I was wondering if there is way for the hadd script to stop if an error is raised by ROOT concerning an invalid file or something else.
Because on EOS we can have transient errors in condor jobs sometimes the condor jobs do not manage to open a file properly with for example the error below
SysError in <TFile::ReadBuffer>: error reading from file .... (Input/output error)
In ROOT I know that setting
gErrorAbortLevel = kError; causes such error to stop a program and a returned exit status which is different than 0
But for the hadd command since it is an executable I don’t know if it is possible to have such behaviour.
It would be indeed important to provide such option (if not existing already) because hadding takes time and failing if an error occurs saves a lot of time
As currently if such error is raised the hadd command continue and return a status of 0
Many thanks in advance,
ROOT Version: 6.24
Tagging @pcanal @couet @henryiii on that question/issue
Many thanks in advance
hadd help mention the
-k option which skip the missing or corrupted files.
Can it be a solution ?
@couet I think the problem is that it is not the ROOT file itself that is “corrupt”, but a temporary “condor” failure. So, you want to “catch” such failures and (automatically) resubmit the corresponding batch jobs.
Thanks but no it would not be a solution because indeed those files are not corrupted it is just either condor or EOS having a transient issue.
We do not want to skip those files for our analysis they contain histograms.
I think the solution would be to add a new option for the
hadd command like
-e or something similar for setting the error level
What would stop the hadd script if error are thrown by ROOT is setting the global variable
gErrorAbortLevel = kError; inside the hadd script.
With the default
gErrorAbortLevel the error as just thrown inside the hadd script but the hadd process continue.
And so the only way do detect an error occured is after the hadd do a
grep -i Error or something similar
Hadding takes time so it is a huge loss of time/computationnal ressources to not be able to stop the script if a transient error occured.
With that fix the
hadd script would be able to be stopped and would return a status different than
It would be good indeed that this becomes the default behaviour of the hadd command
As hadd is often used in batch jobs since it takes time and people would be aware a problem occured
Yes sure but some hadding can take several hours or a day for our analysis and usually the error I am pointing out is occurring just at the beginning of the hadd when the hadd script checks files
So we are loosing almost two days in that process and we are using computational ressources for nothing as if the hadd add the feature of crashing (which is a 3 line modifications I think) it would save us a lot of time.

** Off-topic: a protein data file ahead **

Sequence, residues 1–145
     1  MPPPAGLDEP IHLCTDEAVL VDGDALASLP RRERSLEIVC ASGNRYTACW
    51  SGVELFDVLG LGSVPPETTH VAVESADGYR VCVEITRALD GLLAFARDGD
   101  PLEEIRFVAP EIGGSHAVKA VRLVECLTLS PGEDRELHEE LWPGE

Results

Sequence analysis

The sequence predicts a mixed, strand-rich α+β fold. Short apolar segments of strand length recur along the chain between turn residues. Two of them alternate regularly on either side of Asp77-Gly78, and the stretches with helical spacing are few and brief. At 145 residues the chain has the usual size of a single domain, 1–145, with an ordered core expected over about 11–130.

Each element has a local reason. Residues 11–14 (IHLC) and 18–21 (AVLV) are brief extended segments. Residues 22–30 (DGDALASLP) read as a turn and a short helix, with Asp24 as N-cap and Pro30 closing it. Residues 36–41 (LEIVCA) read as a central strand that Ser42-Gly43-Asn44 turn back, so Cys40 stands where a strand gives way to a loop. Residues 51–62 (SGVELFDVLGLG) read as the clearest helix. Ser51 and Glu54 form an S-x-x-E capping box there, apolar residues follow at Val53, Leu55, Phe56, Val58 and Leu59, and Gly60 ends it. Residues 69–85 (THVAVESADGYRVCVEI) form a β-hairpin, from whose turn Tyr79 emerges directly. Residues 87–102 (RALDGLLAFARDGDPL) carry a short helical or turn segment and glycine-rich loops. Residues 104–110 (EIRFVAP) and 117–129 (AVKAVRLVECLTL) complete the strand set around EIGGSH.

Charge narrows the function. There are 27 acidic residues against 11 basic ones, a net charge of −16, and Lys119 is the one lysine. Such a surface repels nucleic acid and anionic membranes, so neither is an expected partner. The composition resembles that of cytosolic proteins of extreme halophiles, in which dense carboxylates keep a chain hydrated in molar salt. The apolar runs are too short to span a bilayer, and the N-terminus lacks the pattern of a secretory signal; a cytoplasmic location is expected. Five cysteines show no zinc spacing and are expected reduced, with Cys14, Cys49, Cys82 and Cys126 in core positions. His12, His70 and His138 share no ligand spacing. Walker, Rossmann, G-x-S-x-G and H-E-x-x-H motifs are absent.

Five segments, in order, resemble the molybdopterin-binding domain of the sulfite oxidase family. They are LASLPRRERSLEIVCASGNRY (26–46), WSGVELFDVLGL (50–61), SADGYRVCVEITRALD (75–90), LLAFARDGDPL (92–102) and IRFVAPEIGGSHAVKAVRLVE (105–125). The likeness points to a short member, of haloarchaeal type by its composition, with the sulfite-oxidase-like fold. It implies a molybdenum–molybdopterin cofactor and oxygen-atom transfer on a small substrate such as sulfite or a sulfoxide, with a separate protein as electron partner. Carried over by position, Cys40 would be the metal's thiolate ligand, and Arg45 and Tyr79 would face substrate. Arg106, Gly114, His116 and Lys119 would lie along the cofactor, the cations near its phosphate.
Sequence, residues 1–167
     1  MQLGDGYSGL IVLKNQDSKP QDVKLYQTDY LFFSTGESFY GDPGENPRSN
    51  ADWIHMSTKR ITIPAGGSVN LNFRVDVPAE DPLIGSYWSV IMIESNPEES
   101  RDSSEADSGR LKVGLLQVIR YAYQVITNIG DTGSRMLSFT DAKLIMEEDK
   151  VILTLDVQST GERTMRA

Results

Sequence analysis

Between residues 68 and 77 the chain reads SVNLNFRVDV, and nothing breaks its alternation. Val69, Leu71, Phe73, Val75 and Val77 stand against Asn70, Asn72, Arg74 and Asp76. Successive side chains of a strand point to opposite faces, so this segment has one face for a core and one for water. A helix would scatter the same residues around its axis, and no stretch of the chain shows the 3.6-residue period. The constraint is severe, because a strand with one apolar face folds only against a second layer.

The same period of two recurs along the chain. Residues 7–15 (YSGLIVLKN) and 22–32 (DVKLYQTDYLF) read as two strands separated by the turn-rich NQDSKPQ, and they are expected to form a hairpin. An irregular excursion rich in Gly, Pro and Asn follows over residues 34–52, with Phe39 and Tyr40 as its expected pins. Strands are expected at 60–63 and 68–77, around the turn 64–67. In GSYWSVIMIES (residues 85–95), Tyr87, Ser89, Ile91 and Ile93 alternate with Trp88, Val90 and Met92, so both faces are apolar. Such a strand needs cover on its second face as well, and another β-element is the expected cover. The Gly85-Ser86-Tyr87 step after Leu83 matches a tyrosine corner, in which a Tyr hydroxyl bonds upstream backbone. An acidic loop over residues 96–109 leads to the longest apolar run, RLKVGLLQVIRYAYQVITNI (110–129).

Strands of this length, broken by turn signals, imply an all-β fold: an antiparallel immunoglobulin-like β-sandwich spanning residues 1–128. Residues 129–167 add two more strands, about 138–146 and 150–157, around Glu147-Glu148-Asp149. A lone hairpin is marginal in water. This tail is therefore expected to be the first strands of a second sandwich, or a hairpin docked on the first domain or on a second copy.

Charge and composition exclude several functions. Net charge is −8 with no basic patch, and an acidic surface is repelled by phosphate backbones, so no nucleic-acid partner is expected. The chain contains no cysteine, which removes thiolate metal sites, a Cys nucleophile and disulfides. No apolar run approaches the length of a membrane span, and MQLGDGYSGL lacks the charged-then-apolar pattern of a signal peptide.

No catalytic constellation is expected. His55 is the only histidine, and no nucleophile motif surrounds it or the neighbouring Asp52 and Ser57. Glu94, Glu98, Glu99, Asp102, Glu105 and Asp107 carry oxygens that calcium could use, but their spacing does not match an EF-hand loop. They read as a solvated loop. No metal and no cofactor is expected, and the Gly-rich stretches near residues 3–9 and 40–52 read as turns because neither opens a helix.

In the meantime I created our own hadding script but making this feature available to everyone would be of benefit for many analyses I think especially new ROOT users which would not be even aware of that problem
Many thanks in advance
@rbouquet Yes, that was precisely my point.
BTW. @couet I’m unsure if one can make “hadd” clever enough to distinguish between “a ROOT file is corrupt” and “a temporary failure to access a ROOT file”.
@Wile_E_Coyote ah yes sorry I thought you were telling me to do so
And yes I agree with you I think it would be impossible to distinguish between “a ROOT file is corrupt” and “a temporary failure to access a ROOT file”.
So yes to do things properly it would require to not set
gErrorAbortLevel = kError; if the
-k option is used as for that flag it is intended to skip problematic files.
Opening a zombie/corrupted file having set
gErrorAbortLevel = kError; would just stop the
I am not sure either. @pcanal should know.
I think that the only way to know the difference between transient and persistent error would be to parse the error message (and even there I am not sure one can do this accurately). Parsing the error message can be done either externally or internally (by replacing the error logger function).
Alternatively, one can “assume” that the errors are transient and try once or twice after seeing an error.
Hi @pcanal, @Wile_E_Coyote, @couet,
Shall I open a github issue for the following up of that problem?
I mean already just having the possibility to set
gErrorAbortLevel = kError; thanks to a flag in the hadd would be great as it would stop and exit with a failure.
Also checking zombie file can be done before calling the hadd, it is not really complicated.
In most cases the files provided for the hadd should not be zombie otherwise most likely a problem occurred in the job/script creating the problematic file and the user should be aware of it.
I think the most simple thing is (without having to parse errors which would be complicated)
- add a new flag for
gErrorAbortLevel = kError;
say in the doc it will stop in case a file is zombie
→ robust hadd
- do not allow using that new flag if the ignore zombie file flag is turned on
and add in the documentation that a file can be seen as zombie due to a transient error (for instance condor being overloaded)
→ be careful with that option
Because retrying an hadd is fairly simple to implement in C++/Python if the exit status is not 0
compared to having to check no error was raised when hadding. Also the error I was reporting is happening at the beginning of the hadd so it would save a lot of time.
@pcanal not sure I understand. Do you agree that
hadd should be erroring out if there is an I/O error on a file (whether the error is sporadic or persistent)?
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